Energy-Efficient, Bird-Safe Glass Installed at National Aviary’s New Garden Room
Walker Glass and Vitro Glass technologies combine to protect venue’s local bird habitat
Photography by Jim Cunningham
PITTSBURGH, Sept. 24, 2020 – The National Aviary in Pittsburgh recently completed the installation of glass windows and doors at The Garden Room, a new glass-enclosed venue for weddings, special events, and educational programs that also will serve as a showcase for energy-efficient, bird-safe glass.
Featuring expansive floor-to-ceiling windows fabricated with AviProtek® bird-friendly glass by Walker Glass and Solarban® solar control, low-e coatings by Vitro Architectural Glass, The Garden Room is designed to protect the both the environment and the local bird population that inhabits the surrounding city park.
“The National Aviary works hard every day to provide the best possible care for the birds who live with us, as well as those in the wild, through field conservation programs and education,” said Cheryl Tracy, executive director of the National Aviary. “As we made plans for The Garden Room, it was important to us to practice these principles by selecting materials that would help keep the wild birds in our neighboring park safe.”
Designed by an architectural team led by Pittsburgh-based Tony Pitassi of Perfido Weiskopf Wagstaff + Goettel, The Garden Room features about 2,700 square feet of glass. Working as a group, Tracy, the architect and the design team consulted with experts from Walker Glass, Vitro Glass and the American Bird Conservancy to consider a range of glass options to reduce bird collisions while enhancing the bright, open aesthetic of the new space.
“The National Aviary's bird experts were integral to designing a façade that meets bird-safe standards,” said Pitassi. “Given the desire for transparency in the building envelope and the need to complement the site’s natural environment, maximizing the use of glass was an imperative.”
AviProtek® glass by Walker Glass, a pioneer in bird-safe glass design, helps birds to “see” expanses of glass by meeting an industry standard known as the “two by four” rule, which dictates that visual elements in a bird-safe glass pattern appear at least two inches apart horizontally or four inches apart vertically. The National Aviary’s design team selected a horizontal-stripe pattern for The Garden Room.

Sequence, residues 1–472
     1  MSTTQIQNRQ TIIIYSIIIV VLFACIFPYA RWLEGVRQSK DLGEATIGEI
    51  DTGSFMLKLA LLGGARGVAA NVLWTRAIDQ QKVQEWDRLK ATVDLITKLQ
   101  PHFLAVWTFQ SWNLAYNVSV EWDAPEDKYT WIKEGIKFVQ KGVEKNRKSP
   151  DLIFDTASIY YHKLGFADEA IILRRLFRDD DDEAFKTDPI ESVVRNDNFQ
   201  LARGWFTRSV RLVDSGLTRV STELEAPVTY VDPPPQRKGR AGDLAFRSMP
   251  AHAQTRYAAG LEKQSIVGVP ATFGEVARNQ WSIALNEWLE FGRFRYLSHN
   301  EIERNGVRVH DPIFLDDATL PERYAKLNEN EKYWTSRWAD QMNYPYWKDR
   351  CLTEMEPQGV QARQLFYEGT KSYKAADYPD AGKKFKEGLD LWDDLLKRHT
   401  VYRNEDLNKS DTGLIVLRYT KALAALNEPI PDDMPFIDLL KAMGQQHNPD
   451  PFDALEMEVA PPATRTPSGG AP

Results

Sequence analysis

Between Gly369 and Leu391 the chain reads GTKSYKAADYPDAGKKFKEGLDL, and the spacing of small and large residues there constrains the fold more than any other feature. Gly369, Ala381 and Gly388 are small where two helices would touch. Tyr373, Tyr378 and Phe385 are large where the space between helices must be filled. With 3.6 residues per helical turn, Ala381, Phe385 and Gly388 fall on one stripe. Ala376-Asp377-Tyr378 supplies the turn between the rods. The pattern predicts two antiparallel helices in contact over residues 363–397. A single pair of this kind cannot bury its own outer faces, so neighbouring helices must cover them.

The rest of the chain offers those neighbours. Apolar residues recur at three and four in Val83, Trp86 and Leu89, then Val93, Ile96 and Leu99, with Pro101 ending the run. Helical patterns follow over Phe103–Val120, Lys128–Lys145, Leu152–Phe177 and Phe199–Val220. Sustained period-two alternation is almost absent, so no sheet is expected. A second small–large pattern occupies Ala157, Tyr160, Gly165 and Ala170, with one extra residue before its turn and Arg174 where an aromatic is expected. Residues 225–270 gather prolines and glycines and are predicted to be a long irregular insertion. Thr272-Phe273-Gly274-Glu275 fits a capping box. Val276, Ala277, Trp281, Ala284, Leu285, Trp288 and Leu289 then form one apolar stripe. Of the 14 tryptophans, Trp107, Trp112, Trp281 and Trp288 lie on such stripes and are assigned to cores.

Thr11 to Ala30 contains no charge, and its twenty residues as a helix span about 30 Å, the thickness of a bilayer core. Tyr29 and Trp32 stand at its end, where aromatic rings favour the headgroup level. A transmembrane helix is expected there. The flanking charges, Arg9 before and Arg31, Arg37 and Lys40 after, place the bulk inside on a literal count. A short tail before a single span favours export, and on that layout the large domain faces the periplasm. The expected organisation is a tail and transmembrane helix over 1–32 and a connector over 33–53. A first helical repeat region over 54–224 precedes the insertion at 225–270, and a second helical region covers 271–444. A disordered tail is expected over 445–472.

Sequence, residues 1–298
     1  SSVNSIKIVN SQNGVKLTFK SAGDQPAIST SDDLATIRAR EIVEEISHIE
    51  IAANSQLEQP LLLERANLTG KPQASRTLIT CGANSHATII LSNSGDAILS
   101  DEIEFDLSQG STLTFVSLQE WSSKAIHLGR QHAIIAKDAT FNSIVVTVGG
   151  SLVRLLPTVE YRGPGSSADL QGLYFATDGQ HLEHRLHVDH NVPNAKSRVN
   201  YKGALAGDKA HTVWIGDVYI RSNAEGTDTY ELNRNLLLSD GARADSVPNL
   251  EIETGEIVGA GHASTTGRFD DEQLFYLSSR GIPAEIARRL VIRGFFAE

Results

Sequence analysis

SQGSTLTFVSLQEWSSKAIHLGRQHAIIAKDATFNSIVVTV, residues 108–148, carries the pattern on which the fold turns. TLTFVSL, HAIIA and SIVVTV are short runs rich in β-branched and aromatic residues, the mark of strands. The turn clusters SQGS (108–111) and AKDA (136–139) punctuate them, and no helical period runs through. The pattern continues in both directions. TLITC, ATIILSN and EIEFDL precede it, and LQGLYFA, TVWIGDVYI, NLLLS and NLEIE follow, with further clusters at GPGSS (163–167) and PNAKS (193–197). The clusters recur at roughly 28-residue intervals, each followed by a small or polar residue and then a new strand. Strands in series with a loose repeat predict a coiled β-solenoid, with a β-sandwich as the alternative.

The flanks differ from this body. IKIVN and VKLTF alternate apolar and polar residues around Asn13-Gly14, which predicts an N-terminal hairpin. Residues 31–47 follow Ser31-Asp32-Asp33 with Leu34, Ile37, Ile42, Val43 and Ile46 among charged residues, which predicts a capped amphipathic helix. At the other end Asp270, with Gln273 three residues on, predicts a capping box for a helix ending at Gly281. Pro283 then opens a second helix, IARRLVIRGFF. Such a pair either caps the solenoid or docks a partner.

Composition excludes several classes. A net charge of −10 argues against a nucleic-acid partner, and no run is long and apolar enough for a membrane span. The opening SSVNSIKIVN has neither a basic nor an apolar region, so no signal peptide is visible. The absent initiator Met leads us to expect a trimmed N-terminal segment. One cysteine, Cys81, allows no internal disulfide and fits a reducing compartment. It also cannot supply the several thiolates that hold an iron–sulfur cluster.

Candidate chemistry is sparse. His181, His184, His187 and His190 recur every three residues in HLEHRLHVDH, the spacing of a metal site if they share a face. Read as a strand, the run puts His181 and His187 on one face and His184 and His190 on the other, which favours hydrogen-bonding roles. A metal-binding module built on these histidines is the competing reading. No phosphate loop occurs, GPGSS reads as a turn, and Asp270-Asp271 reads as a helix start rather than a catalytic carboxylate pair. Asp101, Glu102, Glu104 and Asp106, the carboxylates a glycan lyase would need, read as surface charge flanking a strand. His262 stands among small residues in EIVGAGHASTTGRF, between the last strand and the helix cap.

The Solarban® solar control, low-e coatings specified with AviProtek® glass will enable the National Aviary to operate more efficiently by blocking more than 70% of the sun’s heat energy while transmitting high levels of daylight to reduce artificial lighting costs. The result will be a venue that is brighter, more comfortable and better for the environment because it consumes less energy.
For more information about Solarban® glass and Vitro Glass’s full line of architectural glasses, visit www.vitroglazings.com or call 1-855-VTRO-GLS (887-6457). For more information about AviProtek® E Bird-Friendly glass, visit www.walkerglass.com or call 1-888-320-3030.
Editor’s note: High-resolution photography is available upon request.
Solarban® is a registered trademark owned by Vitro.
Avi-Protek® is a registered trademarked owned by Walker Glass.
About Vitro Architectural Glass
Vitro Architectural Glass, part of Vitro, S.A.B. de C.V. (BMV:VITROA), the largest company of its kind in the Americas, manufactures a range of industry-leading, energy-efficient products such as Solarban®, Sungate® and Starphire Ultra-Clear® glasses at U.S. plants in Carlisle, Pennsylvania; Fresno, California; Salem, Oregon; and Wichita Falls, Texas. Committed to sustainable manufacturing processes and products, the company also operates one of the world’s largest glass research and development facilities in Pittsburgh and four residential glass fabrication plants in Canada. Upholding the values of “Together, We See Further” across the architectural, automotive and containers markets, Vitro strives to realize the power of partnership to ensure that projects meet or exceed ever-evolving sustainability expectations as well as glass requirements. For more information, please visit www.VitroGlassHub.com.